Talk is cheap. We always talk about how important it is to practice, but do we practice what we preach? Yes we do. Practice improves your woodworking abilities and provides a chance to see what the end product or component will look like as it takes shape.
In the photo you can see a couple different versions of a cabriole leg I’m developing for a dressing table (or lowboy) for the June issue of Popular Woodworking Magazine. I collected photos from the Internet of an antique piece, then developed a leg pattern that was close in design.
A few pieces of scrap pine were assembled into a leg blank to be shaped the next day. After working up a leg based on the first pattern, I determined that the ankle was too narrow, especially if I planned to carve it. Back at the computer, I adjusted the SketchUp model, printed another pattern, then set out to try again.
I grabbed a chunk of 3″ x 3″ cedar from the home store (a quick alternative to a pine glue-up) and milled a piece to size. The new design with a thicker ankle was a better match to what I had perceived the leg to be based on the photos. Next, I needed to develop a detailed pattern for the trifid foot. It took a couple foot designs before I was satisfied with the shape.
When it came to carving, I felt compelled to use mahogany. Why carve pine only to encounter non-pine issues as you work with the project’s wood of choice? I used a short offcut to make the foot portion of a leg; that’s all I needed. I did change a few things and adjust a couple of my ideas, but I didn’t complete the carving. Overall, the work went as I planned.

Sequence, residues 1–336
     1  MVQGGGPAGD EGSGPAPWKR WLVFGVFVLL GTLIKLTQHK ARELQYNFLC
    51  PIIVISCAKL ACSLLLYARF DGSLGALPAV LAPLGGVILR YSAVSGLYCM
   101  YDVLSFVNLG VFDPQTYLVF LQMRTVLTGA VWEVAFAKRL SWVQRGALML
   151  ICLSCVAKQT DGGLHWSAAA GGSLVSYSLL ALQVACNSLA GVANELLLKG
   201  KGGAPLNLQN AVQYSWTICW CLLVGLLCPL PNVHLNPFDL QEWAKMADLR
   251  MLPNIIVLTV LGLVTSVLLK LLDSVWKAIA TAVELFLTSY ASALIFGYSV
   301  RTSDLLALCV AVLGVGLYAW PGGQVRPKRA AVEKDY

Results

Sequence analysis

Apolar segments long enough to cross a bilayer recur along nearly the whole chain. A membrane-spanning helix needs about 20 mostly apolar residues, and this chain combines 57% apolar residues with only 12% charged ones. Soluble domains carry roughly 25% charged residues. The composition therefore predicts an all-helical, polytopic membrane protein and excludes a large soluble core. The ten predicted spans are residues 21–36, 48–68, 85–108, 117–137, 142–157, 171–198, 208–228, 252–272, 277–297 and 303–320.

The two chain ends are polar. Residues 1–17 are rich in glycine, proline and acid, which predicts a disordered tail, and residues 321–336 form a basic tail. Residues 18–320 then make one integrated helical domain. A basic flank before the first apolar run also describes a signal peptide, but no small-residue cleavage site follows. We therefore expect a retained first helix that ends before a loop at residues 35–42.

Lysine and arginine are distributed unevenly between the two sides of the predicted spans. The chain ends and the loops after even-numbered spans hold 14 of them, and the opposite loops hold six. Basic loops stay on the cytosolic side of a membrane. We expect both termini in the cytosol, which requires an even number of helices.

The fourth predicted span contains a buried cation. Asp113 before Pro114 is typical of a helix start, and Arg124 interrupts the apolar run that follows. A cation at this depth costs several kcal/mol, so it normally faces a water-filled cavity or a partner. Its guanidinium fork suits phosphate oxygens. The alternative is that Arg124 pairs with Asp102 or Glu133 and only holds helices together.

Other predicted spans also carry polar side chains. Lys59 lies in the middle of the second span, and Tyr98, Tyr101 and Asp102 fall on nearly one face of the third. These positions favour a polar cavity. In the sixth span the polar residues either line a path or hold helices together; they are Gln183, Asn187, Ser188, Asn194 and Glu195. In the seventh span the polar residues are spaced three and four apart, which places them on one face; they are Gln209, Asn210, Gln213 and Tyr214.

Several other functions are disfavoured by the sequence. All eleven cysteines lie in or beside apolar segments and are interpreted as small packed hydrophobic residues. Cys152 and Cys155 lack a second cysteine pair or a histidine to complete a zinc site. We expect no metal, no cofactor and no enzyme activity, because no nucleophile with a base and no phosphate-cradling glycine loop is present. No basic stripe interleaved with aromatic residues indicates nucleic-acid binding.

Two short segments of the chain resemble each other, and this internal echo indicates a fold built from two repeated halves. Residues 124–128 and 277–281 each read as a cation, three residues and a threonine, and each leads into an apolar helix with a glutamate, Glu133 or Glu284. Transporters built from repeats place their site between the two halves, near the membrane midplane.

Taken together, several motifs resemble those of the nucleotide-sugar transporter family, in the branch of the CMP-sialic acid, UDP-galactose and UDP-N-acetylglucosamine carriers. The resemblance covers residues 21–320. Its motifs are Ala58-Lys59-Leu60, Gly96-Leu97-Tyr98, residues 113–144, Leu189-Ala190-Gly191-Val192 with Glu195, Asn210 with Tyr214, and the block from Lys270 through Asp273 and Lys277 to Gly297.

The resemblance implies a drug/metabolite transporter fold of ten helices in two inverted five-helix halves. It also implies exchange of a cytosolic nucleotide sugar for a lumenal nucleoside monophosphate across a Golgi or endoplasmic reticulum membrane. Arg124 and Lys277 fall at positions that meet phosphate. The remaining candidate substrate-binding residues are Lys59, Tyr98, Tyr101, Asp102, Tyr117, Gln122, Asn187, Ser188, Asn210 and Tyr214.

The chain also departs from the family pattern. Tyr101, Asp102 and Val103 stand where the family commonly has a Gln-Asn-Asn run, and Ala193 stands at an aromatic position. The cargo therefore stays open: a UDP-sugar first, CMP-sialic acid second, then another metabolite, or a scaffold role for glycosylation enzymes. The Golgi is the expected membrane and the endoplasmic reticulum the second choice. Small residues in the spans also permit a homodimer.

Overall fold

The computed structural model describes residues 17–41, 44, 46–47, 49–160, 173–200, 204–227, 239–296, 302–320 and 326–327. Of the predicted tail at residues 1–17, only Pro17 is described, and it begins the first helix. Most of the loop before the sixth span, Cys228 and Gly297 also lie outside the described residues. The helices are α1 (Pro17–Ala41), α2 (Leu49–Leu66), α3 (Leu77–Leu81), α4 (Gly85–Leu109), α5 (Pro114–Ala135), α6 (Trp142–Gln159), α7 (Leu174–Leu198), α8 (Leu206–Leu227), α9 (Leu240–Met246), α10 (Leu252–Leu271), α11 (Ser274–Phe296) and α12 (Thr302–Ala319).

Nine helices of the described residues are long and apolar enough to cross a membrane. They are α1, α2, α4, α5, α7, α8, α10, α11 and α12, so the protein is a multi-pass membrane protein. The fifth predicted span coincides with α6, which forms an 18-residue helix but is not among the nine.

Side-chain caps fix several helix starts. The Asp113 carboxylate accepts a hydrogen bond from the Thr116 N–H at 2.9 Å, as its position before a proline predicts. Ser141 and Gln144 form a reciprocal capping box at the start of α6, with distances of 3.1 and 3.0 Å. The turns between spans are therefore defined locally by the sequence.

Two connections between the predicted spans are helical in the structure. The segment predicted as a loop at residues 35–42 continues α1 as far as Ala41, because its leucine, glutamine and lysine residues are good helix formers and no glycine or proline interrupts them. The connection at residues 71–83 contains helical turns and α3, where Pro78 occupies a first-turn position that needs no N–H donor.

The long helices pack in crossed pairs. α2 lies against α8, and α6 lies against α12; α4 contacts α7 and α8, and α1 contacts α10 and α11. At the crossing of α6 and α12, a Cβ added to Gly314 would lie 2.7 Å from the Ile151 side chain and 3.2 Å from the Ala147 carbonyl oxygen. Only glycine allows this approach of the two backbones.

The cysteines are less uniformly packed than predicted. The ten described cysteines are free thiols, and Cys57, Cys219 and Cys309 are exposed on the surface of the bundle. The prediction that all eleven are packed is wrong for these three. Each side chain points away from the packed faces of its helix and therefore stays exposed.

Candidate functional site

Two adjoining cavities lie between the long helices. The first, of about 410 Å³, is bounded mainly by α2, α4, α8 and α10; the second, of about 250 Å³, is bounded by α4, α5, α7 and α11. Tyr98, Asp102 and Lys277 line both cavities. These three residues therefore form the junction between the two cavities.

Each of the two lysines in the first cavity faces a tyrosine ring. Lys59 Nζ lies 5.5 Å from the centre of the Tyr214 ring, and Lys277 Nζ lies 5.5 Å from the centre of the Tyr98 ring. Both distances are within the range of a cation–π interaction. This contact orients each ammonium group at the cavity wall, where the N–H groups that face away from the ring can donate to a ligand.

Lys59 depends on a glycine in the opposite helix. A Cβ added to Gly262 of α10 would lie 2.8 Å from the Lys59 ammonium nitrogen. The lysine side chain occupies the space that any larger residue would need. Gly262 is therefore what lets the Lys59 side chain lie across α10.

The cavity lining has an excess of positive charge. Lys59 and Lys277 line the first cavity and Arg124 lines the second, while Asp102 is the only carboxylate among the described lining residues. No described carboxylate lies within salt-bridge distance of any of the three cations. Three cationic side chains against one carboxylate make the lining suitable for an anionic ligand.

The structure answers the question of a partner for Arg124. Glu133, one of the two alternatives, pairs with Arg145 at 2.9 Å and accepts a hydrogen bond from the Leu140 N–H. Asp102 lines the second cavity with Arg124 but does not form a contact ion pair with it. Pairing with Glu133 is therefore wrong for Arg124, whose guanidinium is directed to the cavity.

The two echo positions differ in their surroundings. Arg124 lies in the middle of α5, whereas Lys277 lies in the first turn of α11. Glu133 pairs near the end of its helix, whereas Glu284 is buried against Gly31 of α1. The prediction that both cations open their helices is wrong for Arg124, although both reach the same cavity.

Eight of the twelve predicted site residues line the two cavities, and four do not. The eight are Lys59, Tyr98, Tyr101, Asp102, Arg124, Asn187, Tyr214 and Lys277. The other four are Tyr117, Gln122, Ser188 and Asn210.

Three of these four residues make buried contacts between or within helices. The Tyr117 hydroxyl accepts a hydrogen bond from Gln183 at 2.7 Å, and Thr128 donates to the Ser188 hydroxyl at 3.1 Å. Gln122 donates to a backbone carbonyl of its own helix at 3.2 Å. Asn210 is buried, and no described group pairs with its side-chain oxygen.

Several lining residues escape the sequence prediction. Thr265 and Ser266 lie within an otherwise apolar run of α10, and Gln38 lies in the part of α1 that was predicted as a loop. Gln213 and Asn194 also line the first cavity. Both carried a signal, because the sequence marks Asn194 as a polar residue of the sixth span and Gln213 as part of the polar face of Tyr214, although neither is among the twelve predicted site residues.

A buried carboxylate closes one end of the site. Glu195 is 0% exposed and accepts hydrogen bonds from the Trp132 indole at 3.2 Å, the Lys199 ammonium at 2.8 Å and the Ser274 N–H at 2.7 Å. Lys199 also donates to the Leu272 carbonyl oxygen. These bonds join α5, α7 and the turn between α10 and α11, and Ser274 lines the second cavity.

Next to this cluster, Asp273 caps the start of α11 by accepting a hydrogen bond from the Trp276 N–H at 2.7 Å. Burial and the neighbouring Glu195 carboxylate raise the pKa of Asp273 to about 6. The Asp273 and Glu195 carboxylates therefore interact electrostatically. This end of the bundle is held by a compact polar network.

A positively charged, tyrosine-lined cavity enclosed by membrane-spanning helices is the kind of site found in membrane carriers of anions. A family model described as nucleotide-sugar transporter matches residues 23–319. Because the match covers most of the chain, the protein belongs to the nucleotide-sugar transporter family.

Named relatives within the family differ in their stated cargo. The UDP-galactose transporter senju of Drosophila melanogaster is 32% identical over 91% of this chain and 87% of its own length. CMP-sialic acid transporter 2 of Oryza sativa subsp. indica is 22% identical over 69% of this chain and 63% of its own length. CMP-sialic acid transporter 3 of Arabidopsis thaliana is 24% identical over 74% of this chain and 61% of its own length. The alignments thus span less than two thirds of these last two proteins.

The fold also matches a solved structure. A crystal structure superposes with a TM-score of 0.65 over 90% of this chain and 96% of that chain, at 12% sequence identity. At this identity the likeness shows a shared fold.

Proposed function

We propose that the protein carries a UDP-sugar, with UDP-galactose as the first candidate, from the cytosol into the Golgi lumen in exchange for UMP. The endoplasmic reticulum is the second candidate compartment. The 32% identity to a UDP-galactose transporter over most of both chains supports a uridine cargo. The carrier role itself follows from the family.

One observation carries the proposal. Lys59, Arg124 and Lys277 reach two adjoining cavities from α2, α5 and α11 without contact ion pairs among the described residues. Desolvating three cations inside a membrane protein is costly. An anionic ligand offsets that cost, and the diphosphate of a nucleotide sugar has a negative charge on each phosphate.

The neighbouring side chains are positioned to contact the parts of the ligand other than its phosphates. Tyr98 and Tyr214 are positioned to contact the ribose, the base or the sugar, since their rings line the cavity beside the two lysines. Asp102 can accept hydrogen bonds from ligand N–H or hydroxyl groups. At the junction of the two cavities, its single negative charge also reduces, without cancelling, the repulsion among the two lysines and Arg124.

As you can see, the right-most leg is nearly 95 percent complete. I’m happy with it. The three blanks beneath the practice legs are yet to be shaped. Guess what I’m doing for the rest of the day.
(Thanks to Chuck Bender of Acanthus Workshops for providing detailed photos of the dressing table, and to H. L. Chalfant Antiques for granting access to the original for those photos.)
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I used a #8, 7mm bent gouge to carve the flutes or to create the stockings of the trifid foot, and a #9, 10mm gouge to shape the foot.
What two carving tools do you use to carve the foot of the cabriole leg you mentioned in in your video?
The table saw cut serves two purposes: it defines the intersection of the knee and post block, and it acts as a relief cut. As you cut the leg at the band saw, you have to cut the knee in toward the block; it’s a tight radius. With that relief cut, there is no need to back out of the cut. Those relief cuts are sawn from the blank’s front face to the front of the post block. There is no particular order in which those cuts need to be made.
Also there is no specific order required to carve out the leg, as long as all the lines are cut. Generally I’ve found that on most legs there are three pieces created at the band saw (the top of the knee to the block, the leg front and the leg back), but on this particular leg, the front and knee area came off as one.
I watched the video of you cutting out the leg and have a couple of questions…
What face(s) were you cutting on the tablesaw and is there an order to your cuts; and
Is there an order to your cuts on the bandsaw or does it matter.? I have seen articles where they say start here and turn clockwise or counterclockwise.
I understand the concept and could get some scrap and experiment, but I thought it would be faster to ask.
There’s an old saying, "The more you practice, the luckier you get."